Abstract W P24: Validation of the Interventional Stroke Assessment Scale for Eligibility in Endovascular Therapy (ISAS-ET)
Background: Despite innovations in endovascular stroke treatment, less than 55% of patients have shown good outcomes in multiple randomized clinical trials. In this study we are validating the Interventional Stroke Assessment Scale for Eligibility in Endovascular Therapy (ISAS-ET).
Materials: This is a retrospective analysis of all patients (n= 111) who presented to our hospital with ischemic stroke and received advanced stroke treatment between January 2013 and July 2014. Statistical analysis was performed using GraphPad Prism. The scoring system was developed with a score range (0-8), where a high score predicts a better outcome. Patients received 2,1,0 points for collateral scores of 3-4, 2, 0-1 respectively; patients received 2, 1, 0 points for NIHSS scores of 0-10, 11-20 and over 21 respectively; age <65 received 1 point; absence of AFib received 1 point; time of onset <3 hours received 1 point; no prior stroke or disability received 1 point. Statistical analysis was performed using GraphPad Prism. A modified rankin scale (mRS) of 2 or less represented a good functional outcome. Mortality was defined as a mRS score of 6 and good disposition was defined as patient discharged to home or inpatient rehabilitation. All variables were included in the analysis.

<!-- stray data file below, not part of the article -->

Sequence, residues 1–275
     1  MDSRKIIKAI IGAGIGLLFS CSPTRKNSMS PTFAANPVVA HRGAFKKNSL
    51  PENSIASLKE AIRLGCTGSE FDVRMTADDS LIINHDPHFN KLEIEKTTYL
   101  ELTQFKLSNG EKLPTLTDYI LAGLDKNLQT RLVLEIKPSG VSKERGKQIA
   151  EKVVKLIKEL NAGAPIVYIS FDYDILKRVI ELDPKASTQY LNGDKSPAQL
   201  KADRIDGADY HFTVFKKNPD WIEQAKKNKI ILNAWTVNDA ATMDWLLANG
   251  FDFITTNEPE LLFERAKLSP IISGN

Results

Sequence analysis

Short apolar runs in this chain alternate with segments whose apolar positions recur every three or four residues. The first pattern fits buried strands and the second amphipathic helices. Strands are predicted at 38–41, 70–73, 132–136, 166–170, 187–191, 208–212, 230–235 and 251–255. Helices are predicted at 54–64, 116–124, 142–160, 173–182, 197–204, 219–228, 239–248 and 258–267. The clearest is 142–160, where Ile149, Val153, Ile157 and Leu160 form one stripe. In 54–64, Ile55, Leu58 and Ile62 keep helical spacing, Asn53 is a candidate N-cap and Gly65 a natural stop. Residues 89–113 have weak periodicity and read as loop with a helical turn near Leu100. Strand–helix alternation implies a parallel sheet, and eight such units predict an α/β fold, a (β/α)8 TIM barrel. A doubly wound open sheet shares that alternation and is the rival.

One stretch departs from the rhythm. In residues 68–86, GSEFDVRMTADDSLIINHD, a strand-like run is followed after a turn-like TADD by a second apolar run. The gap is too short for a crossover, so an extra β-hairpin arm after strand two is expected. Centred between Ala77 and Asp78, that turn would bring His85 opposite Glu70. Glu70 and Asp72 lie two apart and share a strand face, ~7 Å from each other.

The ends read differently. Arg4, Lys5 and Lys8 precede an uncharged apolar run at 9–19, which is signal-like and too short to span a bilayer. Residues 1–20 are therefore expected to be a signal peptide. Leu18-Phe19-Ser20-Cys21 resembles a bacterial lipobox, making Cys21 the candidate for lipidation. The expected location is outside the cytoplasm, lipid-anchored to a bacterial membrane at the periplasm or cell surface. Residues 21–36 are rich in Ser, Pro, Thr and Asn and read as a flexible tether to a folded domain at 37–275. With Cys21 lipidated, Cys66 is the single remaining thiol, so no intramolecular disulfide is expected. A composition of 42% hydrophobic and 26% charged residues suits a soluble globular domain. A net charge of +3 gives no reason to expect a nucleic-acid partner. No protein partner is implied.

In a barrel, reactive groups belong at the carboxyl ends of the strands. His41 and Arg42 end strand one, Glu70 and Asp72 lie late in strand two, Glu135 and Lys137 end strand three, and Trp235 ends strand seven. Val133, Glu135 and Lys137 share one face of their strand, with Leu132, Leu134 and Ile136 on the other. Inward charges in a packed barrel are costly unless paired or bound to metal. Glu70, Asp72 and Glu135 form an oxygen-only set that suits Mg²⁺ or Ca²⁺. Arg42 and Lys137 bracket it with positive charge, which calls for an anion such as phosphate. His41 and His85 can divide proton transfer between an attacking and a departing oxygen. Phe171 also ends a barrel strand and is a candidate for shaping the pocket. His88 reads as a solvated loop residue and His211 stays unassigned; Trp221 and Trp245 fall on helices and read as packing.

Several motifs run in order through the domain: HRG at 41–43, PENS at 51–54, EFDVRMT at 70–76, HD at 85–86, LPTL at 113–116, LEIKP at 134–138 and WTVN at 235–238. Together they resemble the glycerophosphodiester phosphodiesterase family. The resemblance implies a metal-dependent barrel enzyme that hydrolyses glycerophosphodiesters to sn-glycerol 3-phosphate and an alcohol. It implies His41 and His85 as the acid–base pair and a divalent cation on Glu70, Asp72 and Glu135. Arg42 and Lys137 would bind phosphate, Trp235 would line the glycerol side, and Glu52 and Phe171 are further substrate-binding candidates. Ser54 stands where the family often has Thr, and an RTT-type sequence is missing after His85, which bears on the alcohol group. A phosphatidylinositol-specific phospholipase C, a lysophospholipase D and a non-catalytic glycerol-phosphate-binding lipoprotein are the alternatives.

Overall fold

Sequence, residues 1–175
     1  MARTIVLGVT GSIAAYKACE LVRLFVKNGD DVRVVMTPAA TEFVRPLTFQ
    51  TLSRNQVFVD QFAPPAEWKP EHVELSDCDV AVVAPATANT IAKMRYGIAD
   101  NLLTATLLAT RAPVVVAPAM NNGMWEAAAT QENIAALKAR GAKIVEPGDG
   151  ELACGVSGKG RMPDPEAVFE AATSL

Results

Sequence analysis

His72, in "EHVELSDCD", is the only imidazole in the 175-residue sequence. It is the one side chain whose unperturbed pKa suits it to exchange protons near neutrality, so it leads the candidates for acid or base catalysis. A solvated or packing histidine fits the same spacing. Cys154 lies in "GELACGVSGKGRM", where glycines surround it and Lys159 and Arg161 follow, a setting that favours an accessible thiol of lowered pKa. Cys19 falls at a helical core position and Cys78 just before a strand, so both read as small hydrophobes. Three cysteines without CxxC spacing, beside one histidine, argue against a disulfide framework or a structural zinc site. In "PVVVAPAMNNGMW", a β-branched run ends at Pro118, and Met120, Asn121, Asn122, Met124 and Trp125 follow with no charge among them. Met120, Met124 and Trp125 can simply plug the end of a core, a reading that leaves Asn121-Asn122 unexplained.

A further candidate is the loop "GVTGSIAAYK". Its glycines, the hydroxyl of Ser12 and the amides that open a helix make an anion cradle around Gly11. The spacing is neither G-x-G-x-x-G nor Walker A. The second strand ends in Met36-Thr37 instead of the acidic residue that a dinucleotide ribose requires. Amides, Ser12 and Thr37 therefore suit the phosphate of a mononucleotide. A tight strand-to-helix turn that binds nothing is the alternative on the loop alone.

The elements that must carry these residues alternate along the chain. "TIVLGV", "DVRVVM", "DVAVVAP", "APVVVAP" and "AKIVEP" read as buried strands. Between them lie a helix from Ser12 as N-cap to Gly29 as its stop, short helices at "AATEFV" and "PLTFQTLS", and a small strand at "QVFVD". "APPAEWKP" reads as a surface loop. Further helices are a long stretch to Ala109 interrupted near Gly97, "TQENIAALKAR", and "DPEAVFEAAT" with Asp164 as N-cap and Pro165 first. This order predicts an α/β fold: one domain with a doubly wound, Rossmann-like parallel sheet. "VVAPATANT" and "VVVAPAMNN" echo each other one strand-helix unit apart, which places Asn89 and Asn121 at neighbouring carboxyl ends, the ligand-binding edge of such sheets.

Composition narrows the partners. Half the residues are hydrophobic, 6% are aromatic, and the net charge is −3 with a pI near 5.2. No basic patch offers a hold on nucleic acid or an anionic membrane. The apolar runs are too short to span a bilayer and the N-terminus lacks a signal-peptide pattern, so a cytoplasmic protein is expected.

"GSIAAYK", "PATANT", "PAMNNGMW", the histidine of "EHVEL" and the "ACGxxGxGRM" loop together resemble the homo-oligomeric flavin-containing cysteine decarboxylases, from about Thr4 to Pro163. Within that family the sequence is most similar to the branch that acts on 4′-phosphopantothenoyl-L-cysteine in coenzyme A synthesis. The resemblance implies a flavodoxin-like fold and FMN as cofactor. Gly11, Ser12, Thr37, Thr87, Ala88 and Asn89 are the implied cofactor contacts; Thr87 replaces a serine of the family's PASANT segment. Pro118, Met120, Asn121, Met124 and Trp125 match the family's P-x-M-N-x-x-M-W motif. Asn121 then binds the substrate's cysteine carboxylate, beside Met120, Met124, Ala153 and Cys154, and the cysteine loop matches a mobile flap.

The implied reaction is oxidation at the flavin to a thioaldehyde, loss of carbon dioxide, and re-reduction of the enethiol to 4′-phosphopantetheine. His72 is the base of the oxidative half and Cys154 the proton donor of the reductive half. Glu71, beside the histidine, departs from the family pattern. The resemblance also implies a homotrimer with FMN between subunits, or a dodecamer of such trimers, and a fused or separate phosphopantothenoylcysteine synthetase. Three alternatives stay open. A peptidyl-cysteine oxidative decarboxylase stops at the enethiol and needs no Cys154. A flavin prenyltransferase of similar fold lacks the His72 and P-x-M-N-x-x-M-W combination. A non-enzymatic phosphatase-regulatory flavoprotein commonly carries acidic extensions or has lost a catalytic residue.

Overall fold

Results: Results for 59 patients included in this study are as follows: 61% female, mean age 74.0 ± 19.1, mean NIHSS 17.8 ± 7.2, 49.1% AFib and 10.1% mortality. We found a significant correlation between the ISAS-ET score and outcome (95% CI, 3.36-4.24, P < 0.001), mortality (95% CI, 3.93-4.82, P < 0.001) as well as good disposition (95% CI, 3.68-4.56, P < 0.001). Of this group, 94% of the patients with an ISAS-ET score of 1, 2 or 3 had a poor outcome regardless of intervention. Conversely, 86% of the patients with a score of 7 or more had a good outcome.
Conclusion: The ISAS-ET scale appears to be appropriate in this single center study at predicting outcome using parameters prior to intervention. This data may help determine the urgency of transfer for intervention in hospitals without endovascular capabilities while helping determine which patients will benefit significantly from intervention. We plan to validate these results in a prospective study.
Author Disclosures: H. Dababneh: None. S. Sakian: None. H. Zheng: None. R. Kumar: None. S. Azhar: None. K. Arcot: None. A. Tiwari: None. J. Farkas: None.
- © 2015 by American Heart Association, Inc.